Management perceptions of disability are key to encouraging inclusive tourism. A study comparing national parks in two countries highlighted this and other factors that impact universal accessibility. A legal perspective and no penalties imposed for lack of accessibility means the status quo remains. Taking an economic perspective and an inclusive attitude is more helpful.
National parks within South Africa and Zimbabwe were the subject of a study comparing them for universal design and accessibility. The attitude and perceptions of national park management was found to be a contributing factor for accessibility.
In South Africa there was an understanding that people with disability wanted to experience nature as much as anyone else. There was also a recognition that there was a good economic argument for being inclusive. In Zimbabwe, management considered disability to be a legal issue and did not believe that tourists with disability wanted to visit national parks.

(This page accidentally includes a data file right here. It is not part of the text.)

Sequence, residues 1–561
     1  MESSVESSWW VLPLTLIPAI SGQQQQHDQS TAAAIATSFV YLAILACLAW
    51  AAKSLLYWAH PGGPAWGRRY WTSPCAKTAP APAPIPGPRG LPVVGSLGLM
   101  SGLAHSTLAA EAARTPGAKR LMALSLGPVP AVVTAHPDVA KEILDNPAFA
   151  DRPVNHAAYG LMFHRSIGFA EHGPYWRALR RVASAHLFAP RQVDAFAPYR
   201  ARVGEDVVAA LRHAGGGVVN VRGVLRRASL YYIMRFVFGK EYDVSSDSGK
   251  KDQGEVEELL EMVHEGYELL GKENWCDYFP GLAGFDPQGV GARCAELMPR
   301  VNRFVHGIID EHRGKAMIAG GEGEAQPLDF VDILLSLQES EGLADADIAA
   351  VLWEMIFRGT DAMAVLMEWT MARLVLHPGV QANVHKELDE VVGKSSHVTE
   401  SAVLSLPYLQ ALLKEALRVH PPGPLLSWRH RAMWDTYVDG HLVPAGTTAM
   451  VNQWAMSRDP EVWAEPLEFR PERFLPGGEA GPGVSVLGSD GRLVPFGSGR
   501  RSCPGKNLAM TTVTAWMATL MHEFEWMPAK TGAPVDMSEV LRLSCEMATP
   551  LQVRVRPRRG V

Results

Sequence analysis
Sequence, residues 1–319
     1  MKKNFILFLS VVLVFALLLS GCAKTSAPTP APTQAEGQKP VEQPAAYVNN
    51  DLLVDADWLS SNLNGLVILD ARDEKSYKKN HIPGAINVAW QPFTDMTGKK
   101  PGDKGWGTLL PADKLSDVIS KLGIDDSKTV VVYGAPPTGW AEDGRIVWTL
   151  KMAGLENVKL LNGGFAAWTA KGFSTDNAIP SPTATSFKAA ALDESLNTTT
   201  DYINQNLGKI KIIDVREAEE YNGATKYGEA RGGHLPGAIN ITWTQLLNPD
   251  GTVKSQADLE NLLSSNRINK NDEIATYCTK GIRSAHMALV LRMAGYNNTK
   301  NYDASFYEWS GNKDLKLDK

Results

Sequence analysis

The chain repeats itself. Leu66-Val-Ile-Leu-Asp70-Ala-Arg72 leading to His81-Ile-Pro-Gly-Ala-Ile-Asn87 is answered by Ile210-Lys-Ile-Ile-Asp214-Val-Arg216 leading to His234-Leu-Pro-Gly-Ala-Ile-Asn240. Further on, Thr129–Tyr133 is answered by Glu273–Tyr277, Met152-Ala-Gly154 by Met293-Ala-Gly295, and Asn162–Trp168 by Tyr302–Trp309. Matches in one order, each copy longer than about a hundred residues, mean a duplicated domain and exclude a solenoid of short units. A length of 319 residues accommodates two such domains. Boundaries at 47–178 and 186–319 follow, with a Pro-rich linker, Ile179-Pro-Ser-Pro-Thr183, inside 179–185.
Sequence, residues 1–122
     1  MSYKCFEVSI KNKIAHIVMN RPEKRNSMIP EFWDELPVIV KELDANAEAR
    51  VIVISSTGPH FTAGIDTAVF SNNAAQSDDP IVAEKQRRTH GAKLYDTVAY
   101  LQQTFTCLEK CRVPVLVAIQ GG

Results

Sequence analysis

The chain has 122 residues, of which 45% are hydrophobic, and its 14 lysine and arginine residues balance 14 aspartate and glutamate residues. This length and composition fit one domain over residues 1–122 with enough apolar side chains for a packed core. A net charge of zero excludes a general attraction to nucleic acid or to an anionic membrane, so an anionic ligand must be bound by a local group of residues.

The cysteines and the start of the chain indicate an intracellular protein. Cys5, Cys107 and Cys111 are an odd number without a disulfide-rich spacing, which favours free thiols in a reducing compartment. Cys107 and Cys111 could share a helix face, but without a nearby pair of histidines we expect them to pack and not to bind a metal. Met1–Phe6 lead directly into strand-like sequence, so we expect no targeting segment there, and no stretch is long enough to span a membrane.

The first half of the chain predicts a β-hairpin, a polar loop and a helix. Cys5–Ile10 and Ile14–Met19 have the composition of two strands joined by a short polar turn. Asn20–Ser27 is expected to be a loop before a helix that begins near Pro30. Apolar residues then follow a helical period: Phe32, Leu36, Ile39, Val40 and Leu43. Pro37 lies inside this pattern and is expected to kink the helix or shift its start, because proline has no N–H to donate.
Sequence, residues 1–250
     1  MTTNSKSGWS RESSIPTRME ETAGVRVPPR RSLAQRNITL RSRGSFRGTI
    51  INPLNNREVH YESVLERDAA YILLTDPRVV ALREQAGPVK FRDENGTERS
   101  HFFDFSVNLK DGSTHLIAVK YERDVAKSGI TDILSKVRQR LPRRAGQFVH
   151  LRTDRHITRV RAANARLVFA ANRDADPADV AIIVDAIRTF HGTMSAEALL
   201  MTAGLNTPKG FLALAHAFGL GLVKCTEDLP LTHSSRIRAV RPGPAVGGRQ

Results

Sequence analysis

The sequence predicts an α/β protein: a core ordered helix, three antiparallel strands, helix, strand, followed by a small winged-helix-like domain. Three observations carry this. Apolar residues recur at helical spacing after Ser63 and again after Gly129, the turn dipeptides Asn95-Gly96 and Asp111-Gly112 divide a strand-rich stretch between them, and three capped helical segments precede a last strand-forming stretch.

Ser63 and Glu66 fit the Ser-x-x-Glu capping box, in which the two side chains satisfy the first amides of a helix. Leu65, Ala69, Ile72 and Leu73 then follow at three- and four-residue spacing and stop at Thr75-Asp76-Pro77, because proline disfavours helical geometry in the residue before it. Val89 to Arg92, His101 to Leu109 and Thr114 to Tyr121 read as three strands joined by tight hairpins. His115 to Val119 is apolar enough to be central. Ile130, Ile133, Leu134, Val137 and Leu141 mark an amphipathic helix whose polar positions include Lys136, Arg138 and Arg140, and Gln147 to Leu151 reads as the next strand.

The study revealed that, generally, the management of parks in both countries appreciate the plight of people with disabilities who want to visit their parks. However, the managers from South Africa seemed more willing and prepared to make their parks universally accessible compared to their counterparts in Zimbabwe.
This study was the subject of a doctoral thesis which takes a holistic approach to the issues. The conclusions and recommendations beginning page 184 are relevant to all national parks. Staff training, an understanding of the economic benefits and community consultation are just three of the recommendations. It’s an easy read and the conclusions and recommendations easy to follow.
The findings are also published in a journal article which requires institutional access for a free read. The title is, Universal Accessibility of National Parks in South Africa and Zimbabwe: Park Management Perceptions.
The doctoral thesis is titled, The development of a universal accessibility
framework for National Parks in South Africa and Zimbabwe.